The Xarelto Internet home page trumpets “#1 Prescribed Blood Thinner in Its Class!” This news is accompanied by three popular celebrities: Saturday Night Live alumnus Kevin Nealon, retired golf legend Arnold Palmer, and NASCAR driver Brian Vickers (proudly displaying the name of his corporate sponsor on the front of his jacket – something that members of CONgress should be doing as well).

Apparently, these happy celebrities have yet to suffer the uncontrolled hemorrhaging associated with Xarelto and other “next generation” anti-coagulants.

Meanwhile, in Louisiana alone, the number of Xarelto lawsuits is up 1200%  since December 2014, from 33 to over 400. A quarter of those were filed since mid-April of 2015, and many more are in the pipeline. According to allegations, there were nearly 1,000 “adverse events” between January and September of 2013, more than seventy of which were fatal. Over 350 more were reported in Germany the previous year.

The cause of action is one that is frequently listed in such filings: “failure to warn.” Manufacturer Bayer (which historically has demonstrated little regard for human life) was allegedly aware that there was no antidote for the medication, which (unlike rival medication Pradaxa) cannot even be reversed with emergency dialysis.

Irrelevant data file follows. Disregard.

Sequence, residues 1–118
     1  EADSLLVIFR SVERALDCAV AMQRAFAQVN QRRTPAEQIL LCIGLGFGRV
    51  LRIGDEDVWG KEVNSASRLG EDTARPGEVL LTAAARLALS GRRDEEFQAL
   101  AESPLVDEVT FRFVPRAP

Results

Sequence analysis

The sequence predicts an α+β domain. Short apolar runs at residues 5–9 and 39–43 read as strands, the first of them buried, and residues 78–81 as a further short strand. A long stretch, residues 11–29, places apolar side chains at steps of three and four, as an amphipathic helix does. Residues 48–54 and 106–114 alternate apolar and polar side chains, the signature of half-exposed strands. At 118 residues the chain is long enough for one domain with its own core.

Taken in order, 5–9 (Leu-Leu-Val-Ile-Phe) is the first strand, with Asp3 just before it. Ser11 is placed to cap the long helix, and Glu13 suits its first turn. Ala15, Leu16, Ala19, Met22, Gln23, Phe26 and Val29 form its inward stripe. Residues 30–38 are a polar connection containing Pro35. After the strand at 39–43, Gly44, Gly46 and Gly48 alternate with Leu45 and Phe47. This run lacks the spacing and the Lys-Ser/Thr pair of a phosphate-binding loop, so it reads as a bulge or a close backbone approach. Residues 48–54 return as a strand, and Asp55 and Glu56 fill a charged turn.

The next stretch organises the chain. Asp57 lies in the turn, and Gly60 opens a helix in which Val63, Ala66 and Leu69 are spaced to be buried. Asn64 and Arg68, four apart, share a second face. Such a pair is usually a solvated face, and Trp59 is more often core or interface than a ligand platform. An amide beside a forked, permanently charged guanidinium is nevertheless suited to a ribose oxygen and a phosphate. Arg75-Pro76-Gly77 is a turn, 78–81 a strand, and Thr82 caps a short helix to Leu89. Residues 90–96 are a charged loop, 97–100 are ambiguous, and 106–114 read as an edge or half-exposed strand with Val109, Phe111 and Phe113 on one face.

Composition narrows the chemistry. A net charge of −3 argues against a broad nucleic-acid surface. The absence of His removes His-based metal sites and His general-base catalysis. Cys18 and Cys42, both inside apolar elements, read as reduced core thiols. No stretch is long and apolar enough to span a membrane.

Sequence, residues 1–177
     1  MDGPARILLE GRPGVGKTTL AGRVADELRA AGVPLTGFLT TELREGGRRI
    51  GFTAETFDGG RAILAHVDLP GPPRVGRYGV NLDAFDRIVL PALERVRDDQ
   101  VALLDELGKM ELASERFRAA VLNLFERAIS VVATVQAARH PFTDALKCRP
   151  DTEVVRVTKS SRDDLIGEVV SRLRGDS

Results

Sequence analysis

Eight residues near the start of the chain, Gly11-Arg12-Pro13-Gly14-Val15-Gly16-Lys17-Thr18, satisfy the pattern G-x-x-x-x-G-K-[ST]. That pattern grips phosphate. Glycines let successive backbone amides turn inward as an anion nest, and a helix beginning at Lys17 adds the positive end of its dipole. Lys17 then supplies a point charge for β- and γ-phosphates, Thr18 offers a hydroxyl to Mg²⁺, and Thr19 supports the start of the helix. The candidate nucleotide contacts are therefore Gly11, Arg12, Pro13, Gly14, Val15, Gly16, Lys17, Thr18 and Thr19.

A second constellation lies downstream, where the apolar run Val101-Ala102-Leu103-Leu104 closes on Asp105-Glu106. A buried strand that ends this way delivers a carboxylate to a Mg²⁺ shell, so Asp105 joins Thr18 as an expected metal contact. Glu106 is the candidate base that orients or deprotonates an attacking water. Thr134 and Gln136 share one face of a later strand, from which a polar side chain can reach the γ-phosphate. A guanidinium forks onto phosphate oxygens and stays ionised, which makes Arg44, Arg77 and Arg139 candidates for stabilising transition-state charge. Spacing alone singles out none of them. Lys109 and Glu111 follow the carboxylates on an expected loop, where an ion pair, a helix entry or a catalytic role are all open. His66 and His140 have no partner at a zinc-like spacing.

The Honorable Judge Eldon E. Fallon, who is overseeing the current multi-district litigation in U.S. District Court in Louisiana, recently issued a pre-trial order designating approximately fifty pending lawsuits for discovery (the process by which all evidence on both sides is made available for examination by the Court).  Bayer and Janssen Pharmaceuticals have up to eighty days to submit fact sheets relevant to the case, including records of communications with treating physicians who have prescribed Xarelto to plaintiffs. More information regarding the Xarelto litigation is available at Xarelto Lawsuit web site.

K.J. McElrath is a former history and social studies teacher who has long maintained a keen interest in legal and social issues. In addition to writing for The Ring of Fire, he is the author of two published novels: Tamanous Cooley, a darkly comic environmental twist on Dante's Inferno, and The Missionary's Wife, a story of the conflict between human nature and fundamentalist religious dogma. When not engaged in journalistic or literary pursuits, K.J. works as an entertainer and film composer.